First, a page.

The first of two co-ordinated strikes which looked likely to bring major disruption on the Tube is in doubt, after one union said it would pull out.
The dual strike looked certain to close much of the Tube
Aslef, which represents about 70% of Tube drivers, says it will recommend the 21 February strike is suspended, after talks with London Underground.
It said progress was made on several issues in the industrial relations row, but not enough to end it altogether.
The other union involved, the RMT, will hold talks with LU on Wednesday.
An Aslef spokesman said on Tuesday: "Progress has been made on a number of issues that have been identified.
"However there are issues that still require resolution for Aslef to call off the dispute in its entirety.
Aslef Executive Committee Member for London Underground Terry Wilkinson added they intended to recommend the 24-hour walkout next Tuesday, "to allow talks to progress further".
Two walkouts were planned by both unions, which together represent about 3,500 drivers, after they accused LU of a "breakdown in industrial relations". Another strike is due on 2 March.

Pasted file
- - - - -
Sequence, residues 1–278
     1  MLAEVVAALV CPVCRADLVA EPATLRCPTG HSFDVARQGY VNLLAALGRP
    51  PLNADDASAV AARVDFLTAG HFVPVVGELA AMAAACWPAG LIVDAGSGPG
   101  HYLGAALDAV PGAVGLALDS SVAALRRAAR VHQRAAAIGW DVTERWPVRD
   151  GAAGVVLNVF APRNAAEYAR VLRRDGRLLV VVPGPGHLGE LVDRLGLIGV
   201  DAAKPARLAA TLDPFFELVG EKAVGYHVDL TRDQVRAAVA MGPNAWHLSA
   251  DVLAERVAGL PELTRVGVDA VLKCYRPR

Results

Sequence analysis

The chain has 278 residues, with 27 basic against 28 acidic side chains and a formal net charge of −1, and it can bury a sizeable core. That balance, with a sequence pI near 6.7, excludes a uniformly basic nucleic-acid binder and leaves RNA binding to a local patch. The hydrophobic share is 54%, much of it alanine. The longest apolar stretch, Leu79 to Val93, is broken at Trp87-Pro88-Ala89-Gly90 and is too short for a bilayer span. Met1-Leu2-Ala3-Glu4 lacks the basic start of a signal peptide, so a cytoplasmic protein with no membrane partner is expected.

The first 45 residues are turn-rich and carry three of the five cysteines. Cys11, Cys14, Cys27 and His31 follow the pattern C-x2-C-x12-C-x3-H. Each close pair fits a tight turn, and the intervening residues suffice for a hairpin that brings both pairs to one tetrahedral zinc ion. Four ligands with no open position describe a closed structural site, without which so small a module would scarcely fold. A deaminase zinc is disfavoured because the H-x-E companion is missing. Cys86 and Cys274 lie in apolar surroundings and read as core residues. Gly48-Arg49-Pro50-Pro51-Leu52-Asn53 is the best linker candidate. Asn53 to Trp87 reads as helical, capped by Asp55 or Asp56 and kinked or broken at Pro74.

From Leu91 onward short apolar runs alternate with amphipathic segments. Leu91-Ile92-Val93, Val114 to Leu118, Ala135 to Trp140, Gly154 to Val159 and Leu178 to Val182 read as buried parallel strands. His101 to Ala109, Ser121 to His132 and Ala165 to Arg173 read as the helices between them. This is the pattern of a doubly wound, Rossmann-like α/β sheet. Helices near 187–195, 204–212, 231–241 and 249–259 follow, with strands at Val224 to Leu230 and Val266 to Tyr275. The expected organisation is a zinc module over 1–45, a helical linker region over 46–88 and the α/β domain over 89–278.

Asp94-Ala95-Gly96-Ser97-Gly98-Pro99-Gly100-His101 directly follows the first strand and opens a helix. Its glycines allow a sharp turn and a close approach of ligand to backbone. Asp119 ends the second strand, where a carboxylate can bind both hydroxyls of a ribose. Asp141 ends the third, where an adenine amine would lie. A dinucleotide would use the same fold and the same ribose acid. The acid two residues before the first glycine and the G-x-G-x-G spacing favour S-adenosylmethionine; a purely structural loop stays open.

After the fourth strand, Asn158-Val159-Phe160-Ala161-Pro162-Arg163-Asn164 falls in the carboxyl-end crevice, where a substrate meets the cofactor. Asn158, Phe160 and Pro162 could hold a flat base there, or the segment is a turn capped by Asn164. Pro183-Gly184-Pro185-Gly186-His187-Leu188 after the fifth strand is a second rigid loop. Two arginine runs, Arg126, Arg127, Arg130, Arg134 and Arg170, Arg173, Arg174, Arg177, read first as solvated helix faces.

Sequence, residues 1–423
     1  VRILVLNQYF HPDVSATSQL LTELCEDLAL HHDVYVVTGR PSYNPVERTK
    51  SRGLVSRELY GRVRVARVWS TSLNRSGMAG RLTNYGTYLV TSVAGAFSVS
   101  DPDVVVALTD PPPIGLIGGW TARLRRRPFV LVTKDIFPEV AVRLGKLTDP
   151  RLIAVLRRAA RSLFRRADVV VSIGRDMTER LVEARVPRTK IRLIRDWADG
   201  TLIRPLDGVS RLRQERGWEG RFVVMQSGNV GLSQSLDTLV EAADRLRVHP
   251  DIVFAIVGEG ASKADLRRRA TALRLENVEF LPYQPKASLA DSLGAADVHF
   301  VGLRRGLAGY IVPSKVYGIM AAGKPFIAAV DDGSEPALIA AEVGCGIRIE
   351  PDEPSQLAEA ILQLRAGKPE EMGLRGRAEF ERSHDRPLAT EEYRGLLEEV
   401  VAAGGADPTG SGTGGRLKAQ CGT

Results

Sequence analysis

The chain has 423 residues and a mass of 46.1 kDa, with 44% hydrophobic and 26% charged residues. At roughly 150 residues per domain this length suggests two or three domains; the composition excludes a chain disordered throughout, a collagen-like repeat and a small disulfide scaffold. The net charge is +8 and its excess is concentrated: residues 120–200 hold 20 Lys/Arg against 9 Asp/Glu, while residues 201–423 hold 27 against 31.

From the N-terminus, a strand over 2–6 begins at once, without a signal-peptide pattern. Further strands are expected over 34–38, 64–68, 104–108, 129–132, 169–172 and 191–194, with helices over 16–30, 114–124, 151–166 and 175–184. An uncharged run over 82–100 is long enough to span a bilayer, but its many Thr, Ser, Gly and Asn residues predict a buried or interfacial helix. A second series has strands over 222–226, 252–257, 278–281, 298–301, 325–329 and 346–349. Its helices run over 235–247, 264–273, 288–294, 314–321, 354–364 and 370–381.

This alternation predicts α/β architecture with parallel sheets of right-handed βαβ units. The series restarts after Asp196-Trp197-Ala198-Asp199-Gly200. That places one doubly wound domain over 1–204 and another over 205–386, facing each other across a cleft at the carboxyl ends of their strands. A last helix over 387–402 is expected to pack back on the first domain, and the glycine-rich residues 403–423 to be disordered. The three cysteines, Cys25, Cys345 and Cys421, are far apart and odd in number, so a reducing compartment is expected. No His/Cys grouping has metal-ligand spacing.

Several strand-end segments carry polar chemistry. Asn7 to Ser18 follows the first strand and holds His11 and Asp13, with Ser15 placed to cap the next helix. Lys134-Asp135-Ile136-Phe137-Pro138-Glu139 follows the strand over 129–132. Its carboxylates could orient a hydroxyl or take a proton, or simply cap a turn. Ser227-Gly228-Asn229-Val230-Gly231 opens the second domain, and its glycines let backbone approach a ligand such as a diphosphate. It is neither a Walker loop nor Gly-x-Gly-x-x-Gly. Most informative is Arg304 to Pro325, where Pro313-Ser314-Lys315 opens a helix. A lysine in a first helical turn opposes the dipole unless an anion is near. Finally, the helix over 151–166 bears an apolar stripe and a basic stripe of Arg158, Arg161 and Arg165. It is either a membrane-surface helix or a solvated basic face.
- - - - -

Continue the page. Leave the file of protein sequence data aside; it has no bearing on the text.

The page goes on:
'Regime of fear'
The row covers various issues from LU's policy on signals passed at danger (Spads), to health and safety, alleged harassment and bargaining arrangements.
On Tuesday the Rail, Maritime and Transport union (RMT) suggested in a letter that LU managers were imposing a "regime of fear" on staff.
RMT leader Bob Crow said there was a "growing sense that the aim is somehow to 'break' the unions".
In response LU said it remained ready to meet the unions at any time and was consulting on new harassment, disciplinary and attendance procedures.
"If any employee or union has a genuine grievance, the only way to resolve it is through discussion using the procedures agreed by unions and management," a spokesman said.